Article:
The fact that Frutolf's chronicle, covering events from the beginning of the world to 1099, and its continuations to 1125, is now available in an excellent English translation for the years 1000 to 1125, is by itself very welcome. The chronicle is a major contemporary narrative-annalistic source for the period of the struggle over preeminence between the reformed Roman Church and the monarchies of eleventh- and twelfth-century Europe, often briefly described as the period of the investiture contest. Historians too rarely devote their time to a task such as translating which is laborious to say the least and might seem unexciting, but actually has many rewards, primarily of course for the audience, but also for the translator. Frutolf's text will now be accessible to English-speaking historians, both students and professionals who are not at ease with Latin, and therefore unfamiliar with the sources for this crucial period of medieval history. But the translator has done far more than one would ordinarily expect from a translation. The modest and annotated by on the title page next to the translator's name hides a significant accomplishment. McCarthy provides in the long introduction of eighty pages a succinct, knowledgeable and clearly written survey of the historical background of the last hundred years or so of the chronicle that is up-to-date and focused on English secondary sources, but includes older essential bibliography in languages other than English as well. The volume also includes an extensive bibliography divided into primary and secondary sources (286-311).
The introduction discusses the universal or world chronicle as literary genre, the manuscripts and the complicated editorial history of Frutolf's chronicle--until 1896 attributed to Ekkehard of Aura, who actually was one of Frutolf's continuators--and describes clearly the general intellectual atmosphere of Frutolf's lifetime (he died presumably in 1099 when his own work ended) and the next decades. The period was dominated by pro-imperial and pro-Gregorian propaganda. These polemics represent a new element in medieval historical writings that differentiated contemporaries of Frutolf of Michelsberg as well as the continuators of the chronicle in the early twelfth century. McCarthy points out the "considerable partisanship" (14) coloring these younger additions, as readers will gratefully note. The biographies of both Frutolf who seems to have moved from the Abbey of St. Emmeram in Regensburg to the monastery of Michelsberg in Bamberg (15-19) as well as of Ekkehard of Aura are investigated with a careful evaluation of the relevant sources, based whenever possible on surviving manuscripts--some are autographs--of Frutolf's musical and computistic works as well as of the chronicle to 1099 itself, which is fortunately also preserved at least partially as an autograph (Jena, Thüringer Universitäts- und Landesbibliothek MS Bose q.19). Last but not least, the text of the translation itself is carefully annotated with bibliographical and cross references. Very helpful will be the three maps provided (xv-xviii), the tables, the bibliography (286-311) and the index (312-324).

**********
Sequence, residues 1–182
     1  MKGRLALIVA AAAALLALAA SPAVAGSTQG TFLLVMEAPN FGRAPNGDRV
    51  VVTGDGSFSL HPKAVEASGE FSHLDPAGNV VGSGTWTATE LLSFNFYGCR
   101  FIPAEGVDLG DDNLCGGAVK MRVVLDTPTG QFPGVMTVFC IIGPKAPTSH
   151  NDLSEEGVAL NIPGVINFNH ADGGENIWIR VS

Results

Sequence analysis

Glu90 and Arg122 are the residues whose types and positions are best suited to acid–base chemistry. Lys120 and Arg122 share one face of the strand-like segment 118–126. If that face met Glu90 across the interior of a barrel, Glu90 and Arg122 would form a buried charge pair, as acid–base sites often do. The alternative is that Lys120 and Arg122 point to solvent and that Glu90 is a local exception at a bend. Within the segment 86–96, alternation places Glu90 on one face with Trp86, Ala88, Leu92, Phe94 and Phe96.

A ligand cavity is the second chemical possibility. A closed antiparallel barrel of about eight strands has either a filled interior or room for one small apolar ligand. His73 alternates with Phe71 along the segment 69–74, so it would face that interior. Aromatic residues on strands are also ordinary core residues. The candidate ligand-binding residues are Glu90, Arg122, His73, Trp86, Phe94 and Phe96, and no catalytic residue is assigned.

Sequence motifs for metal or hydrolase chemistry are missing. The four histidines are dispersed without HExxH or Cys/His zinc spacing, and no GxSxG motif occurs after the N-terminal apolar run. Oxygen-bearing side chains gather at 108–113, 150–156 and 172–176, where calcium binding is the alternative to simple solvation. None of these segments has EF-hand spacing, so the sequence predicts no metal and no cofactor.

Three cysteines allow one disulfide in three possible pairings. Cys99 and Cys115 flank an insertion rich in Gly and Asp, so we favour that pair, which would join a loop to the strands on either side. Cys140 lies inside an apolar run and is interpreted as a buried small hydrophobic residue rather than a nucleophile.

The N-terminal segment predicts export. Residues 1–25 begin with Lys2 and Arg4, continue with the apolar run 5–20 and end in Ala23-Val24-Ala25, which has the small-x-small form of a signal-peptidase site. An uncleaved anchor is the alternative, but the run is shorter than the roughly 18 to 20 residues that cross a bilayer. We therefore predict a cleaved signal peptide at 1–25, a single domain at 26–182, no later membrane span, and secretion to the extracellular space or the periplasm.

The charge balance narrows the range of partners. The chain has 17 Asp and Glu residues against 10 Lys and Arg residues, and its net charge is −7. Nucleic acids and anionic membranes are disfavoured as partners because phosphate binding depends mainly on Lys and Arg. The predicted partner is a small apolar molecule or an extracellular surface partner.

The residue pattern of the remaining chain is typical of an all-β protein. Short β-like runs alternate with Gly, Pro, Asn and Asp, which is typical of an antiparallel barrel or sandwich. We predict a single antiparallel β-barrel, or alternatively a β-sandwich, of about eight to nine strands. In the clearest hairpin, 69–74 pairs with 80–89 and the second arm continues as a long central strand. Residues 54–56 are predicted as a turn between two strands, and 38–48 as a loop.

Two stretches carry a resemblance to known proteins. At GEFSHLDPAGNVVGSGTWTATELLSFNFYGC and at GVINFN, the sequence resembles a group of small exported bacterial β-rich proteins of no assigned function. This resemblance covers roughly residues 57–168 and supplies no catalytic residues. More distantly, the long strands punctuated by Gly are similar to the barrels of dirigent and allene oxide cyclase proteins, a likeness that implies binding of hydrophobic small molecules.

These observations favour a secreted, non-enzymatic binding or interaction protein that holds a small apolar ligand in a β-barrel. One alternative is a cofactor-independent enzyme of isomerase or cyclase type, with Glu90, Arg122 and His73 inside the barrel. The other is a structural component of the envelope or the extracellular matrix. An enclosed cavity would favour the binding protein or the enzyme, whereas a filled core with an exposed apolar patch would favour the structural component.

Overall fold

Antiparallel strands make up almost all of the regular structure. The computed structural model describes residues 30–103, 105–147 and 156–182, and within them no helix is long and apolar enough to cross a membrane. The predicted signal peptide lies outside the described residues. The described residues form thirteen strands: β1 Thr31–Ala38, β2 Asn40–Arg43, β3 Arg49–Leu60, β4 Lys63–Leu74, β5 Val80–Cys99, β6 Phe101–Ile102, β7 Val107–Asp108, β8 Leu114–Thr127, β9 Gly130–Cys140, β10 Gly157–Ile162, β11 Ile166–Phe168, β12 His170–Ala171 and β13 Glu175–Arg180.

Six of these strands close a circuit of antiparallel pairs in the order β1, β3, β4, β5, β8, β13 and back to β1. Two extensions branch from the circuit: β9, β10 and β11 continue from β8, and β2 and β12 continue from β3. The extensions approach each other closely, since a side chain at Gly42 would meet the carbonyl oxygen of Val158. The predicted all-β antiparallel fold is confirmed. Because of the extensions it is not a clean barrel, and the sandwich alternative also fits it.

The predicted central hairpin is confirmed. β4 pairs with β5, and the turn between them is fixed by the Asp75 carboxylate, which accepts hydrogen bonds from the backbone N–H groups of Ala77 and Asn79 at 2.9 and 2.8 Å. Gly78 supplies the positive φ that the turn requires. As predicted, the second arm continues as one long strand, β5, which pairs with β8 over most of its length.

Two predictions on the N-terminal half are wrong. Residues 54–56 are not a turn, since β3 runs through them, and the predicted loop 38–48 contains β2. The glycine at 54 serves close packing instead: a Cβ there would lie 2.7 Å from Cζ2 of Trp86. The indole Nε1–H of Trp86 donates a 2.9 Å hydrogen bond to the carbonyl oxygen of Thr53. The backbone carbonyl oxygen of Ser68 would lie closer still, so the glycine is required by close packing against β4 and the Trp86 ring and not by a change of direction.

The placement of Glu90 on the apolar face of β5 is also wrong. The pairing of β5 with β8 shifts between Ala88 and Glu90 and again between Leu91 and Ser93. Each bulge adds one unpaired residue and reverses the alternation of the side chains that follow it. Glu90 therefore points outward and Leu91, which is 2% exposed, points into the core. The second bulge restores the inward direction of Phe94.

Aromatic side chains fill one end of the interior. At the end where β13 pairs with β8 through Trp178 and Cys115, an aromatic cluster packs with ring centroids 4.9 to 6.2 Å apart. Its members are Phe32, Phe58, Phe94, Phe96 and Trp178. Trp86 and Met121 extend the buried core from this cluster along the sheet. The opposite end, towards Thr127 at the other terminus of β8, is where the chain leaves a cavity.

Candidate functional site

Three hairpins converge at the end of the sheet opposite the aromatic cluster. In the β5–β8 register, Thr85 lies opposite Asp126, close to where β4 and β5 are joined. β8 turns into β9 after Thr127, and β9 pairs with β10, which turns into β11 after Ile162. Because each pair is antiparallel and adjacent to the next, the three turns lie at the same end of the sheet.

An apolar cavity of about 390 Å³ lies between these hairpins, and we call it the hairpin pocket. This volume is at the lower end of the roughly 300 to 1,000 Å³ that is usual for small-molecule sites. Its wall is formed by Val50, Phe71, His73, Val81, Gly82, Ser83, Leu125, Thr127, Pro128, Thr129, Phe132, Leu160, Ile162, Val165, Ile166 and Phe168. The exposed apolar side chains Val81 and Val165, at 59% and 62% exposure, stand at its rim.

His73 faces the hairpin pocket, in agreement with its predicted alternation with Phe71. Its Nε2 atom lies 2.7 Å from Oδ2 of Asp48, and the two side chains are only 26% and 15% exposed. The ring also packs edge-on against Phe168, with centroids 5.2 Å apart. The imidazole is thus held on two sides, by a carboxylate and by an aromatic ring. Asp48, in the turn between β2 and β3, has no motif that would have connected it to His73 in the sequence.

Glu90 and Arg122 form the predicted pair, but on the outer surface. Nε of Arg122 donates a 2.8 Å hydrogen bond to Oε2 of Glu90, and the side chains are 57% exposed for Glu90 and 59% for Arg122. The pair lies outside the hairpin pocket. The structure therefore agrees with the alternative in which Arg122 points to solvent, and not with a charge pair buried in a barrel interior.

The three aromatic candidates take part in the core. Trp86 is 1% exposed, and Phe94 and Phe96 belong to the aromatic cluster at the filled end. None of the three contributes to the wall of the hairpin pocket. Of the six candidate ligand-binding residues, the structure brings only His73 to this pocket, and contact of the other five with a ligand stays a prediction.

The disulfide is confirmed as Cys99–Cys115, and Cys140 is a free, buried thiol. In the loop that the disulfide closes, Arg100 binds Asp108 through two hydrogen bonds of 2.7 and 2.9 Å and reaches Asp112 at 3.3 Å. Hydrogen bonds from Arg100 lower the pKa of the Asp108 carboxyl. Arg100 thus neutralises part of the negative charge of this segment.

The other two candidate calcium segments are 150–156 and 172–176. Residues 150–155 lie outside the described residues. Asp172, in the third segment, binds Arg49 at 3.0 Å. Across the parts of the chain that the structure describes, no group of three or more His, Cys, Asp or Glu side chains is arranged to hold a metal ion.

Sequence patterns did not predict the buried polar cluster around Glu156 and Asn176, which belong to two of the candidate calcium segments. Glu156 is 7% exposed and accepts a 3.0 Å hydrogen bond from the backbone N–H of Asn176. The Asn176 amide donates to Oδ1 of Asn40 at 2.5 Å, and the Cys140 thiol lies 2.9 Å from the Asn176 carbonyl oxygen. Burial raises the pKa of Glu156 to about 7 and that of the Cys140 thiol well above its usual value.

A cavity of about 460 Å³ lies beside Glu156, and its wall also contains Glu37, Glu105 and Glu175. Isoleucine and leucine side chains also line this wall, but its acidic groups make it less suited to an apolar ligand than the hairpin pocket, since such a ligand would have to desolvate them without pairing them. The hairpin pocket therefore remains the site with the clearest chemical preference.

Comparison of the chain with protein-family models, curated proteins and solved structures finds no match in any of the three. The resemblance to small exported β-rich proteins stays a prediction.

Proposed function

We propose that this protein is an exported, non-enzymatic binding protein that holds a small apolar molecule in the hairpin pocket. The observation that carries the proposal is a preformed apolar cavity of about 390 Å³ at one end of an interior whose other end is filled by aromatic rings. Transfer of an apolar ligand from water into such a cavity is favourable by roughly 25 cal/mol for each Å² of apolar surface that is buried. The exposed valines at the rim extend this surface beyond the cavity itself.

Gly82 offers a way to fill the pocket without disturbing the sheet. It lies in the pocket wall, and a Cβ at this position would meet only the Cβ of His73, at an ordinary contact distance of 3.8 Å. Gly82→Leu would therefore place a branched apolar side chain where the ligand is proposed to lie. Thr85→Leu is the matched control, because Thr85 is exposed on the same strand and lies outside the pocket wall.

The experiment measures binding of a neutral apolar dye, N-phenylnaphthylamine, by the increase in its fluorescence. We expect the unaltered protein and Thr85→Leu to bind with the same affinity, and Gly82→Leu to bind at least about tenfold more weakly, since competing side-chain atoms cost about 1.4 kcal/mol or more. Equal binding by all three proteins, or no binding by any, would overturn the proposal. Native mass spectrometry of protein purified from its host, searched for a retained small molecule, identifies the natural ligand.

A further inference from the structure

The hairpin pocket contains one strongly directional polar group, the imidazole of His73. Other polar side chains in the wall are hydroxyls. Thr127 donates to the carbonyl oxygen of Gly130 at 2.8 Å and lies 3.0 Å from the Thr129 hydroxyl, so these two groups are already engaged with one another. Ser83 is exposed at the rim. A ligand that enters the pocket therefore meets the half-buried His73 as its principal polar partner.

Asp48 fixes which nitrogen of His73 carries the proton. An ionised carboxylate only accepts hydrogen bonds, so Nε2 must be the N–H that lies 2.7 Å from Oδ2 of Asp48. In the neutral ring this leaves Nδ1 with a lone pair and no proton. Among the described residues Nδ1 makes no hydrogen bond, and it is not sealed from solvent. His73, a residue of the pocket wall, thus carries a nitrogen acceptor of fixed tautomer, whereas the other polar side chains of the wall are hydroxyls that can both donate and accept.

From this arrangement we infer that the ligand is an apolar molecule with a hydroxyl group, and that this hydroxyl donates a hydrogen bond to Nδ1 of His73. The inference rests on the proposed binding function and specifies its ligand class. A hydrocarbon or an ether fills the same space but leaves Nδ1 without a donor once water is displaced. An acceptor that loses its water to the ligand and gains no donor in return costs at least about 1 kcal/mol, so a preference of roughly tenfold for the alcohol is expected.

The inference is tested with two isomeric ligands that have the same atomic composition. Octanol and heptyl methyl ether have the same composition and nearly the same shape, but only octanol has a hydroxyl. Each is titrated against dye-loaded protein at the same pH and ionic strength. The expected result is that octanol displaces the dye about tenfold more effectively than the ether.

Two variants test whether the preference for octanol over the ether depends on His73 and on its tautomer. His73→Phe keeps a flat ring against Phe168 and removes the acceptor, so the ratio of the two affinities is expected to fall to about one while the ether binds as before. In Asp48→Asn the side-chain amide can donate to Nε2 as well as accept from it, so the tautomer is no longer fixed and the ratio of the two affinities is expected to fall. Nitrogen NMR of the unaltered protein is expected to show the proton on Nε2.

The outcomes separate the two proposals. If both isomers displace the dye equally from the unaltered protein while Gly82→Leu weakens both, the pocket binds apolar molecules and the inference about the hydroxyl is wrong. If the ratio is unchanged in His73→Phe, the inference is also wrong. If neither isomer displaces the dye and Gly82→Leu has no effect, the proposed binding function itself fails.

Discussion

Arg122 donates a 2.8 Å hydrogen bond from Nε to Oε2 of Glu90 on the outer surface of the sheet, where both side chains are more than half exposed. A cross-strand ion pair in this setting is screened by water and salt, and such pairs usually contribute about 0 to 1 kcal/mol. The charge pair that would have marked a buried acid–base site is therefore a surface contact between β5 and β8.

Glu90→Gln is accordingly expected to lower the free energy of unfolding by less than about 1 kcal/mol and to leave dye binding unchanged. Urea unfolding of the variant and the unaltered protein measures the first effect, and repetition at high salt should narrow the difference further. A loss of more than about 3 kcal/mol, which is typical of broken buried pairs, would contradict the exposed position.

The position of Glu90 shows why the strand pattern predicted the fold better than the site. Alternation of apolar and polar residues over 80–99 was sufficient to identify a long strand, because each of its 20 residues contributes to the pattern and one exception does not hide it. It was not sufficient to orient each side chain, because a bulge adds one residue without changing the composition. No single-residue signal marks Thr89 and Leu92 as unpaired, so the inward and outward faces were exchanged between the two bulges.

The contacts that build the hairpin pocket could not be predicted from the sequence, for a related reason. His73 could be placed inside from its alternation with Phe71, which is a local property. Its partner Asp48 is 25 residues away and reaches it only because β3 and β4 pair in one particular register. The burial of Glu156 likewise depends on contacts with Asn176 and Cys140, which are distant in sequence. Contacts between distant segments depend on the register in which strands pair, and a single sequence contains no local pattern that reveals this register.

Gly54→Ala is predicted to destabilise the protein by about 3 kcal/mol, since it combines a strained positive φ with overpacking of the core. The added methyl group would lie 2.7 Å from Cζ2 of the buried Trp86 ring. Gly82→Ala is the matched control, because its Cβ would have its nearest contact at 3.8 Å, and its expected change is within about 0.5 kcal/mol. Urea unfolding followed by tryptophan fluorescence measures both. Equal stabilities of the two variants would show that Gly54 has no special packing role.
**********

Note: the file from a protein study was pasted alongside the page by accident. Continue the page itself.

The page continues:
A scholar worth his salt would not and should not work on the basis of translations. However, in the case of the Chronicles of the Investiture Contest it would be a serious error not to consult McCarthy's work, at least as long as Dr. Christian Lohmer's planned critical edition of Frutolf of Michelsberg's chronicle (Monumenta Germaniae Historica, Munich) has not appeared. Lohmer's edition is to replace the 1844 edition of Georg Waitz as well as the 1972 edition of Franz-Josef Schmale and Irene Schmale-Ott.  The latter was the basis for McCarthy's translation, but he does not accept all of the classifications of the Schmales who identified four recensions as well an eventually independent account of the crusade of 1102, the Hierosolimita in addition to the Kaiserchronik (42-43). In 1844, Georg Waitz had assumed that the original chronicle itself as well as all of its continuations were the work of Abbot Ekkehard of Aura (d. 1126), and had classified the manuscripts known to him into six recensions (41-42). In 1896, however, Harry Bresslau unequivocally identified Frutolf of Michelsberg and the Jena manuscript as Frutolf's rather than Ekkehard's autograph (42). McCarthy tentatively--he intends to pursue further studies (44, 83 n. 367)--takes the revisions of Bresslau and of the Schmales yet another step forward. Largely on the basis of the starkly contrasting attitudes towards the papacy and the empire expressed by the different continuators of Frutolf's chronicle, McCarthy identifies Ekkehard of Aura only as the author of book five of the chronicle (= recension 3 of the Schmale edition), the first continuation of Frutolf's work, covering the period 1106 to 1116. Like Schmale and Schmale-Ott, McCarthy doubts that Ekkehard was the author of the recension dubbed Kaiserchronik (annals for 1095-1114) and presented to Emperor Henry V in 1114. He cautiously calls it the Anonymous imperial chronicle and only hesitantly ascribes the final continuation, the 1125 Continuation to Ekkehard, "though this has not yet been established with certainty" (44). McCarthy's tentative arguments, based on the thorough investigation and analysis of all manuscripts, are very reasonable, and I look forward to confirmation in McCarthy's future work and in the expected new critical edition by Dr. Christian Lohmer. T.J.H. McCarthy's "translation" is a great boon to medieval historians and he is to be congratulated.
1. MGH Scriptores in folio 6 (Hannover, 1844), 33-211, and Frutolfs und Ekkehards Chroniken und die Anonyme Kaiserchronik, Ausgewaehlte Quellen zur deutschen Geschichte des Mittelalters 15 (Darmstadt, 1972), 48-121.